Twitter’s CEO downplays chatter about possible acquisition

Twitter Inc Chief Executive Jack Dorsey said on Tuesday that he saw value in the social media network remaining an independent company, downplaying recent speculation by analysts that it could be an acquisition target.

“I’ve always thought that there’s a lot of strength to our independence. We can work on every device. We can work through any medium,” Dorsey said in a response to a question at the Goldman Sachs Technology and Internet Conference.

He also voiced commitment to building a “sustainable” business and providing “return to our shareholders.” He added that Twitter has “a lot left to prove but we’re proving it little by little every day.”

Twitter’s stock is down from its high of $69 in early 2014, but the company has had an impressive run in the past year, with shares going from $16.52 to $33.44 in the past 12 months.

Some investment analysts reignited talk of a potential Twitter deal last week when Twitter reported a surprising rise in revenue and its first quarterly profit.

The Walt Disney Co expressed interest in 2016, though at the time Twitter shares were trading at about half the current price, meaning an acquisition by anyone would be much more expensive than two years ago.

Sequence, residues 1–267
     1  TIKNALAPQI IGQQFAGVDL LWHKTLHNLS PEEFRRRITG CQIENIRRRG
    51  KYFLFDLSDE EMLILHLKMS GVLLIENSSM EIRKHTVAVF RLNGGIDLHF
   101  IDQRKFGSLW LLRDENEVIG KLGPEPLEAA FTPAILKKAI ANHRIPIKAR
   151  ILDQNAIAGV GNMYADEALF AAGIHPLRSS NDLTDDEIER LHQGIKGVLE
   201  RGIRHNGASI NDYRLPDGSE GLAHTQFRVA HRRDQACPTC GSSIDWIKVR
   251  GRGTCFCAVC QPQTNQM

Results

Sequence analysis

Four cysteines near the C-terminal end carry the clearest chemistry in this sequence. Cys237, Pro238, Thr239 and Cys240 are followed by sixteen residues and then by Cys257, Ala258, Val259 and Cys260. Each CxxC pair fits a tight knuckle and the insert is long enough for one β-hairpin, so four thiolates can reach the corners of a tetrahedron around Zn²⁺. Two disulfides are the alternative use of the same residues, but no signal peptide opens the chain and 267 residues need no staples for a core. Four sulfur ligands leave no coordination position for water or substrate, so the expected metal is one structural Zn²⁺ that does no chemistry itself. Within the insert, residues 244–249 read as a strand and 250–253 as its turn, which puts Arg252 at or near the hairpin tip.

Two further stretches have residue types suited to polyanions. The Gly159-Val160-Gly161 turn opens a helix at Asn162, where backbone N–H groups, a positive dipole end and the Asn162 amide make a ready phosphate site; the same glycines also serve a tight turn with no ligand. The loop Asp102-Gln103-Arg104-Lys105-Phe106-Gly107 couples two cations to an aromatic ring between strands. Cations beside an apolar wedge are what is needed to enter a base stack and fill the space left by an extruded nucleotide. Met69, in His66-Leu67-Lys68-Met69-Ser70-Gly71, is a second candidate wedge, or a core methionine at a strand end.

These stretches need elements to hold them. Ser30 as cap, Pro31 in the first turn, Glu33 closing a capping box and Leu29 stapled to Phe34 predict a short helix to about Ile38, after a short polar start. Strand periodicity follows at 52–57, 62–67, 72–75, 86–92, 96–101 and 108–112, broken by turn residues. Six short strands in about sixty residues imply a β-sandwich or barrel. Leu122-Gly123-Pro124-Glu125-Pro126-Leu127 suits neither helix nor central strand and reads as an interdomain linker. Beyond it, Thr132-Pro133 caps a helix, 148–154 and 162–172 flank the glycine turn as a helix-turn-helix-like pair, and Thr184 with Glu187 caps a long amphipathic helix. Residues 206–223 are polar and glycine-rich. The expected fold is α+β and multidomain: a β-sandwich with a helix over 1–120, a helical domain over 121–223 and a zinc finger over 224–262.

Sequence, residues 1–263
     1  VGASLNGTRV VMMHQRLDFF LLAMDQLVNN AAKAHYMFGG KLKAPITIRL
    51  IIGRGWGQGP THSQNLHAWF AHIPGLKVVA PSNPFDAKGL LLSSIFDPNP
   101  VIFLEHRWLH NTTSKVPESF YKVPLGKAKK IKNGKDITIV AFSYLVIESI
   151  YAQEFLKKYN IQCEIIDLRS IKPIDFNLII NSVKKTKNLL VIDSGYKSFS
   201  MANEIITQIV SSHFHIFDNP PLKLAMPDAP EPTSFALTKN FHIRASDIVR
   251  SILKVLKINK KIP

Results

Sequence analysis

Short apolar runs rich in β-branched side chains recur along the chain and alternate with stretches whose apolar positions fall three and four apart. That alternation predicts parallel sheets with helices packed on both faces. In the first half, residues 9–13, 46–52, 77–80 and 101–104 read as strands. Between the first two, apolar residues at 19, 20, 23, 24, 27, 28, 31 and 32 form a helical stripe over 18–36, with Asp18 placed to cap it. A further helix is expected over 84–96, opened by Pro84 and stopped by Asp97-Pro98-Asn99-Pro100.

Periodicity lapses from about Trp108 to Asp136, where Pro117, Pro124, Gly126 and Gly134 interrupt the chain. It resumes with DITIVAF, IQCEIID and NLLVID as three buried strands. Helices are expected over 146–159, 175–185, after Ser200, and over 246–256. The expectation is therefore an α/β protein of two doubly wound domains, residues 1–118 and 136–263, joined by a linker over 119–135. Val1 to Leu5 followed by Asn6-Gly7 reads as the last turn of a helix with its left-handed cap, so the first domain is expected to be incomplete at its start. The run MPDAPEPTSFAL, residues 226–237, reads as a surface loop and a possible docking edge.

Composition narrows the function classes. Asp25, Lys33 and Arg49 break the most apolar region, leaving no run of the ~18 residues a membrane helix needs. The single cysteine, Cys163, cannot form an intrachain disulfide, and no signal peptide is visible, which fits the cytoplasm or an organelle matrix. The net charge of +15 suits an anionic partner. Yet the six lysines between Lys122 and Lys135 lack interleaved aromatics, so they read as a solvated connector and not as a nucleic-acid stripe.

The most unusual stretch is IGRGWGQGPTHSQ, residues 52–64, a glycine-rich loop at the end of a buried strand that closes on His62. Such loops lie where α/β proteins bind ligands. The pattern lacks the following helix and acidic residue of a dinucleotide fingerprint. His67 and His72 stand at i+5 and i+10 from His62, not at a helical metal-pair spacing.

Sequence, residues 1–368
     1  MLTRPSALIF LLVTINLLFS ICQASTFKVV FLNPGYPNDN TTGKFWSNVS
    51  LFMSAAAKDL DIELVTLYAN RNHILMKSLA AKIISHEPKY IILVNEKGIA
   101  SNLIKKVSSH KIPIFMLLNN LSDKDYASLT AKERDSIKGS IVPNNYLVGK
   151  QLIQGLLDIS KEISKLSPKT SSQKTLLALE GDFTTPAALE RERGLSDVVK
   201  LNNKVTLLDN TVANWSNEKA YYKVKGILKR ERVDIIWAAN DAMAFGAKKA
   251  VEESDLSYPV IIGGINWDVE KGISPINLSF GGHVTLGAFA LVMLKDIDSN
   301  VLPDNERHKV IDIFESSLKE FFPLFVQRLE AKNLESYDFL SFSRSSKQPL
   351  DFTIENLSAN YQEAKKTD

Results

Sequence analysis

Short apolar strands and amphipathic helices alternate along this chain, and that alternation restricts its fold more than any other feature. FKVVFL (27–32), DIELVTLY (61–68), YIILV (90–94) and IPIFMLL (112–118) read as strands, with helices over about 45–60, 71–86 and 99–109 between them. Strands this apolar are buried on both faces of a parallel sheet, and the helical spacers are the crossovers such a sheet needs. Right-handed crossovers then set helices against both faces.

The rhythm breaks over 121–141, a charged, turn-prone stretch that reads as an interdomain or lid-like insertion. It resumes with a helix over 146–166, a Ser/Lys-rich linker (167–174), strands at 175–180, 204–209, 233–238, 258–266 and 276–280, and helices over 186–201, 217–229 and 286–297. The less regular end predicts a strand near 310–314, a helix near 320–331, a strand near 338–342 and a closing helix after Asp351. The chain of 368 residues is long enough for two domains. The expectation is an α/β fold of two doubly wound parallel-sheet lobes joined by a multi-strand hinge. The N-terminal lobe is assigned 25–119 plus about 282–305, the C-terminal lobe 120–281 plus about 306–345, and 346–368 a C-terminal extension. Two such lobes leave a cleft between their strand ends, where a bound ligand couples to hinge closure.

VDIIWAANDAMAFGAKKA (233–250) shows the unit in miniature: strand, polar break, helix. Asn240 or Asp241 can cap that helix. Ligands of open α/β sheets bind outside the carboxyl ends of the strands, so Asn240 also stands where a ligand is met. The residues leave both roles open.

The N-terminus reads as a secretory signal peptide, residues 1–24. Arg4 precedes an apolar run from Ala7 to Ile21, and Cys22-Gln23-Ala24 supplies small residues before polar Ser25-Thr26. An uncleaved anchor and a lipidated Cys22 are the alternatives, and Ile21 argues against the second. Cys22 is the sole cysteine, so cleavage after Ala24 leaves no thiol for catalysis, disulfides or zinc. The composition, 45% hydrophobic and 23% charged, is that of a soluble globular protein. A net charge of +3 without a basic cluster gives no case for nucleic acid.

At the conference, Dorsey spoke of his long-term vision for Twitter, and even downplayed the label “social network.” He views the platform as the “zeitgeist of what the world is thinking.”

He believes that video will continue to be a big revenue driver. “Video is our fastest growing in terms of monetization,” said Dorsey. He said that Twitter will be investing in “self-serve technologies” to make it easier for producers to use the service.

Dorsey also hopes to expand on the “moments” section, which allows users to see a collection of tweets around a particular topic. “There’s a lot of value in the what happened in the recap nature of our service,” he said, adding that “we’ve barely scratched the surface of it with a product like ‘moments.’ ”

He also spoke of using machine learning and deep learning to tailor the service to individual’s preferences. “We are failing today because we don’t have a lot of the personalizations we need,” he said. “If they have to search navigation to find it, we have failed.”

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